Let E, F be vector spaces. For a given mapping \(h:E\rightarrow F\) and a given positive integer n, define \(h_{n}:M_{n}(E)\rightarrow M_{n}(F)\) by
$$ h_{n}\bigl([x_{ij}]\bigr)=\bigl[h(x_{ij})\bigr] $$
for all \([x_{ij}]\in M_{n}(E)\).

We introduce the concept of matrix non-Archimedean random normed space.

Definition 2.3

Let \((X,\mu,T)\) be a non-Archimedean random normed space. Then:
(1): 

\((X,\{\mu^{(n)}\},T)\) is called a matrix non-Archimedean random normed space if for each positive integer n, \((M_{n}(X),\{\mu^{(n)}\},T)\) is a non-Archimedean random normed space and \(\mu^{(k)}_{AxB}(t)\geq\mu^{(n)}_{x}(\frac{t}{\|A\|\cdot \|B\|})\) for all \(t> 0\), \(A \in M_{k,n}(\mathbb{R})\), \(x=[x_{ij}]\in M_{n}(X)\) and \(B \in M_{n,k}(\mathbb{R})\) with \(\|A\|\cdot\|B\|\neq0\).

(2): 

\((X,\{\mu^{(n)}\},T)\) is called a matrix non-Archimedean random Banach space if \((X,\mu,T)\) is a non-Archimedean random Banach space and \((X,\{\mu^{(n)}\},T)\) is a matrix non-Archimedean random normed space.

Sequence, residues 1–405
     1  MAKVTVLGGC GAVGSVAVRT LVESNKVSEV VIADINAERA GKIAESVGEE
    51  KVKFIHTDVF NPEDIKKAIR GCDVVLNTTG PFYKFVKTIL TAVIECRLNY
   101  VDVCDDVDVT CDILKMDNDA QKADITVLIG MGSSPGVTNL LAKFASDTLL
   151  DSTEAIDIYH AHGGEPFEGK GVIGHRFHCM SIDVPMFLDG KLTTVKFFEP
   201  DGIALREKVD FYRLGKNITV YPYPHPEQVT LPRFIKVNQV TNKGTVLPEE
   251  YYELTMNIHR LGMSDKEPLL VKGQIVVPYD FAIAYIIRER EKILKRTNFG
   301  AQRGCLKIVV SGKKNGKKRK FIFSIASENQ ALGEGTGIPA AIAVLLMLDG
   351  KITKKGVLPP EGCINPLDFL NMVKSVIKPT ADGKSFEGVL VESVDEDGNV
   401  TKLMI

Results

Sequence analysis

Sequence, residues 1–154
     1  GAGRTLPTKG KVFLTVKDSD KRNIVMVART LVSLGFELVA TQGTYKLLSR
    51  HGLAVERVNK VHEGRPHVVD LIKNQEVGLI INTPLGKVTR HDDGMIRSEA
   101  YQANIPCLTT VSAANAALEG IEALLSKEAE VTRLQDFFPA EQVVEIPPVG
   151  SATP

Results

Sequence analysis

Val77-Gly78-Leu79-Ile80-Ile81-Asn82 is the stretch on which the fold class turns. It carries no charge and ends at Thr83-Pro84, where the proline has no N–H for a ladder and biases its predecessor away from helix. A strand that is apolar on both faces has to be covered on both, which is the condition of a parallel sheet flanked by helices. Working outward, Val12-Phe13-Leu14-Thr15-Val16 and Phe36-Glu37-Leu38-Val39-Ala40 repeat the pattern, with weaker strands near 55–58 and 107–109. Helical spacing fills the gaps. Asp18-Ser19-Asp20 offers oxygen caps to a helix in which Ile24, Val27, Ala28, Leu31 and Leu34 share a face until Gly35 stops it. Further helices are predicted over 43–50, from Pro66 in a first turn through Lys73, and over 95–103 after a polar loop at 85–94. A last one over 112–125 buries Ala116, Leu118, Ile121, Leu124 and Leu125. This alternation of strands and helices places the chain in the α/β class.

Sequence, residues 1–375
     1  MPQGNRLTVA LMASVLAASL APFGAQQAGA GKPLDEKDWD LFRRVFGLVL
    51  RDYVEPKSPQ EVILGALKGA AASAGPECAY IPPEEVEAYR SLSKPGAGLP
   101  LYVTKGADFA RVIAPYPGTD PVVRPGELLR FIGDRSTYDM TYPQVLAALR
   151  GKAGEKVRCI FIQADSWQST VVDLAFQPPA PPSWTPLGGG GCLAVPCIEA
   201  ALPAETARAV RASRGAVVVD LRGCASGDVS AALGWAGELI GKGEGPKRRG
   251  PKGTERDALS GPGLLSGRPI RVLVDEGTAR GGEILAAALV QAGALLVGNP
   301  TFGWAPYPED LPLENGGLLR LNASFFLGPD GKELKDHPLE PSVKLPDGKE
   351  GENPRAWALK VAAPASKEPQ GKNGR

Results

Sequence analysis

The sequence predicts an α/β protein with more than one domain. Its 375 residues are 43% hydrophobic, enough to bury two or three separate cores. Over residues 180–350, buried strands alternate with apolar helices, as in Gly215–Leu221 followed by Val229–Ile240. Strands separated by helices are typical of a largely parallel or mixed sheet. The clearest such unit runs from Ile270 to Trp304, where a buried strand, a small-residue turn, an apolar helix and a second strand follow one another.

Definition 2.4

Let \(\mathcal{E}\) be a set. A function \(d:\mathcal{E} \times \mathcal{E} \rightarrow[0,\infty]\) is called a generalized metric on \(\mathcal{E}\) if d satisfies the following conditions:
(1): 

\(d(x,y)=0\) if and only if \(x=y\);

(2): 

\(d(x,y)=d(y,x)\) for all \(x,y \in \mathcal{E}\);

(3): 

\(d(x,z)\leq d(x,y)+d(y,z)\) for all \(x,y,z \in\mathcal{E}\).

We note that the only one difference of the generalized metric from the usual metric is that the range of the former is permitted to include infinity.

The following theorem is very useful for proving our main results; it is due to Diaz and Margolis [30].

Theorem 2.5

[30]

Let \((\Omega,d)\) be a complete generalized metric space and let \(\mathcal{J}: \Omega\to\Omega\) be a strictly contractive mapping with Lipschitz constant \(L<1\). Then for each given element \(x \in \Omega\), either
$$d\bigl(\mathcal{J}^{n}x,\mathcal{J}^{n+1}x\bigr)=\infty $$
for all non-negative integers n or there exists a positive integer \(n_{0}\) such that:
(1): 

\(d(\mathcal{J}^{n}x,\mathcal{J}^{n+1}x)< \infty\) for all \(n\geq n_{0}\);

(2): 

the sequence \(\{\mathcal{J}^{n}x\}\) is convergent to a fixed point \(x^{*}\) of \(\mathcal{J}\);

(3): 
\(x^{*}\) is the unique fixed point of \(\mathcal{J}\) in the set